Learning and fun – ideas for home activities

Most of us are finding ourselves at home with our children a lot more than usual, looking for ways to keep them entertained and mentally stimulated.

Katie, one of the Just Chill Baby Sleep team and also an Assistant Head Teacher and mum to two young boys, has shared some ideas to keep children entertained at home, which are both easy to do and educational at the same time! You can vary them to work for young toddlers and older children too.

Play Themes

Most of us will have some classic children’s stories in the house that our kids know and love – you can use those as a theme for play.

You can set this up the evening before so when the children first see it in the morning they are engaged and ready for fun. The theme can carry on through the morning and maybe even across the whole day. Here are some that have been enjoyed by our family:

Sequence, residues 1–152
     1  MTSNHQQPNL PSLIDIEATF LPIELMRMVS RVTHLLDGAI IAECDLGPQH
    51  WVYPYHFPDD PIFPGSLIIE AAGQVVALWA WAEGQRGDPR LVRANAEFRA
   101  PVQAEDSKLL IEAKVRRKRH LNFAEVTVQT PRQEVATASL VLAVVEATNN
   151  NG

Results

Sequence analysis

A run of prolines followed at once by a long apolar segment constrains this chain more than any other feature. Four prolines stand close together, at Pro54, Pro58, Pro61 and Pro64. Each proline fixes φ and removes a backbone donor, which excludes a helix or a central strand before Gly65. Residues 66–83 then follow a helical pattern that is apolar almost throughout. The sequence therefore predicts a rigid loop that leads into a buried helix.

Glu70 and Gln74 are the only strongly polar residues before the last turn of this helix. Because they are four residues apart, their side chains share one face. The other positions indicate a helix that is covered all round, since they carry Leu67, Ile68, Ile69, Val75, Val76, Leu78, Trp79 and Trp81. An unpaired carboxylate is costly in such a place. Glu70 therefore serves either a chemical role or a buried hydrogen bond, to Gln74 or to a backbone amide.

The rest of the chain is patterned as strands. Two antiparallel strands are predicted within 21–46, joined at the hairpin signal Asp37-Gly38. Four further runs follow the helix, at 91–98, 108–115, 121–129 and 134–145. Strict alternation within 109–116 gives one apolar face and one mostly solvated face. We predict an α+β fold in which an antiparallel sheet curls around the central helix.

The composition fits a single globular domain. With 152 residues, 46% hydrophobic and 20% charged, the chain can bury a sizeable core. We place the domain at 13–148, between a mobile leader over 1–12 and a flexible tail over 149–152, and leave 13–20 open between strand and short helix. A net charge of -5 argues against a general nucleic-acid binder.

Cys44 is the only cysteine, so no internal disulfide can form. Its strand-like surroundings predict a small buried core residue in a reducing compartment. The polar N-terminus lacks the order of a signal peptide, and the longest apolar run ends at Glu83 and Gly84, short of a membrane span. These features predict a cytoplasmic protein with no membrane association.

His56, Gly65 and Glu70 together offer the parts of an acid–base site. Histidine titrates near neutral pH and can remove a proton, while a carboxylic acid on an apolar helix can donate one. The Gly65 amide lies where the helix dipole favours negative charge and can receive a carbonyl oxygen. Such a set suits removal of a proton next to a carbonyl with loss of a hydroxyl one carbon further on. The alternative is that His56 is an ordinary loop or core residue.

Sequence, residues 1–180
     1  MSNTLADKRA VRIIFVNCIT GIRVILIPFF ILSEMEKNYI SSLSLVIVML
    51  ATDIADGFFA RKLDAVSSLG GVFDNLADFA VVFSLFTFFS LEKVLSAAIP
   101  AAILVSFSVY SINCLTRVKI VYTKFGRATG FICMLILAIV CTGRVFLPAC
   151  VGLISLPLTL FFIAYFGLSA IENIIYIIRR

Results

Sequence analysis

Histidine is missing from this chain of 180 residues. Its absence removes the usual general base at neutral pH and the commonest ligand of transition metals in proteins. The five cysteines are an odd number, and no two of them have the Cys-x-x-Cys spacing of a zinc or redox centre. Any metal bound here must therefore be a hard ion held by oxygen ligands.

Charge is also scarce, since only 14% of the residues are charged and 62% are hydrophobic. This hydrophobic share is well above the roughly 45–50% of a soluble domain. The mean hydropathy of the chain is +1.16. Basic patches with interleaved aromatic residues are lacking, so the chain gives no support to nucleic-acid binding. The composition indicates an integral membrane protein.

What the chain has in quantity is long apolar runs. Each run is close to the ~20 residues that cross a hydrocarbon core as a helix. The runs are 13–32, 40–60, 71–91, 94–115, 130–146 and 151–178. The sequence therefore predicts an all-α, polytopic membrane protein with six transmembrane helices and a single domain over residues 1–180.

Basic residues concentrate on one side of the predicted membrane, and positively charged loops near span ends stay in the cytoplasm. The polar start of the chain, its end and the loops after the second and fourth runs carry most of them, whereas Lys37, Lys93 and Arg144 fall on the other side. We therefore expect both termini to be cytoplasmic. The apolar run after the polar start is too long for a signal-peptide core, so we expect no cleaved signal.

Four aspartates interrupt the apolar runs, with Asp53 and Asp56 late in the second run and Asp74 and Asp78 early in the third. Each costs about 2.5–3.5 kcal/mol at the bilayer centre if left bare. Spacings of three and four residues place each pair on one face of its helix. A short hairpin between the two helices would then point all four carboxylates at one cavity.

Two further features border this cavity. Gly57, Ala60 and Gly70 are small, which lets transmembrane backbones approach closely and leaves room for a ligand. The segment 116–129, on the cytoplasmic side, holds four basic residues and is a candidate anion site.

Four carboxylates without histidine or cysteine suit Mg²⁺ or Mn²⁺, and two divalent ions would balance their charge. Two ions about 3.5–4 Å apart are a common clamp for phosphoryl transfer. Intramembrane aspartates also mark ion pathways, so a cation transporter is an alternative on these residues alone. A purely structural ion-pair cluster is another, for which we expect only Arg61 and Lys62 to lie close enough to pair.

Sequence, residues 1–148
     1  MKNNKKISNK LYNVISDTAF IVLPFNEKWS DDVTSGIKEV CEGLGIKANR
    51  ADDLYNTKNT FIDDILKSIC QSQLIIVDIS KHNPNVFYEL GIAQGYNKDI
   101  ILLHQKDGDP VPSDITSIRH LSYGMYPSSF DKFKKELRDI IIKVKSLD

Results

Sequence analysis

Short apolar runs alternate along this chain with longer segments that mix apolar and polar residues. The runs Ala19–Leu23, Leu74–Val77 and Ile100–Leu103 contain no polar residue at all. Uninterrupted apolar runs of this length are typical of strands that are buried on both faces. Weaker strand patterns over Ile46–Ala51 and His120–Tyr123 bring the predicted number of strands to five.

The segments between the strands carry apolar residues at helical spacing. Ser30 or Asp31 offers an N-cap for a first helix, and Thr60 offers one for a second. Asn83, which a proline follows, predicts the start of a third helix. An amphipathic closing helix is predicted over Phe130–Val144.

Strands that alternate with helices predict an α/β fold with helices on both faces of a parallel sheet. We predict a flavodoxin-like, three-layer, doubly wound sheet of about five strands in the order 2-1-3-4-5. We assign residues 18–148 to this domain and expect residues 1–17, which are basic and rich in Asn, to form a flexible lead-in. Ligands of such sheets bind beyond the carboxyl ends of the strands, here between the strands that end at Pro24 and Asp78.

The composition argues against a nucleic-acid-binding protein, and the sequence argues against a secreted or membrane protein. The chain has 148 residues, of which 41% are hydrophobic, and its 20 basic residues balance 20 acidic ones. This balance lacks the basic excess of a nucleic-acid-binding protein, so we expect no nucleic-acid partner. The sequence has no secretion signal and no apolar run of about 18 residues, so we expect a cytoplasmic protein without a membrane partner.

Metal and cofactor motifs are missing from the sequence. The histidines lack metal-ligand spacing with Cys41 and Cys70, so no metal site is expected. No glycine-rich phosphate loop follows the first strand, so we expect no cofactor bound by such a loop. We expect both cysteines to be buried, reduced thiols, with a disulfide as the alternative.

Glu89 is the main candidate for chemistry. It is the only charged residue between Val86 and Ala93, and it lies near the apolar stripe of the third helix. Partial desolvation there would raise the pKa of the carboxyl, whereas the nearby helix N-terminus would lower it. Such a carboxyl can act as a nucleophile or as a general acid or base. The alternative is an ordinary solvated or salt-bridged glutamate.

The Tiger Who Came To Tea – Judith Kerr

This book is a firm family favourite – my toddler loves it! I set up the table with a tiger toy, some play food and a tea set and told him that the tiger was going to visit us.

We spent the morning taking it in turns to knock on the door and come in as the tiger then eating all the food up.

He had so much fun whilst also supporting his language development and ability to re-tell stories.

You could also change the educational focus to maths one day, by counting out how much food he ate or the size of the different foods.

We’re Going On A Bear Hunt – Michael Rosen

This is a fantastic book to use outside, in the garden or on a walk, to help your little one burn off some excess energy, You can role play the story together while walking around your garden and enjoying the adventures of mud, grass and the blizzard. When you come inside you can continue the play by using Duplo or other construction toys to build the house or the bear’s cave.

The Very Hungry Caterpillar – Eric Carle

There are so many activities that we enjoy doing, using this book as a theme.

We use playdough to create all of the foods which the caterpillar ate his way through, make sock puppet caterpillars and use paints to create a butterfly.

You can build language skills and have discussions based on the patterns and colours you are using, as well as start to learn the days of the week.